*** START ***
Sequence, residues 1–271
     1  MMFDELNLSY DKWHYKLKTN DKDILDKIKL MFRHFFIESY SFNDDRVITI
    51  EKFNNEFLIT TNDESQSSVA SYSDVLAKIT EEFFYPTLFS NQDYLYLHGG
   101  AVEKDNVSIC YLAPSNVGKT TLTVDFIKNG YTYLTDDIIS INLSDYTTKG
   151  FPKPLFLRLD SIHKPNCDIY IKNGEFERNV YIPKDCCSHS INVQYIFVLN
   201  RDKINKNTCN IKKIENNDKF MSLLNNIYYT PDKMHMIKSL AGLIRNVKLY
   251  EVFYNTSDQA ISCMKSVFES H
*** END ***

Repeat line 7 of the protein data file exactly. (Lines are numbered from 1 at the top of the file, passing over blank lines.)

   251  EVFYNTSDQA ISCMKSVFES H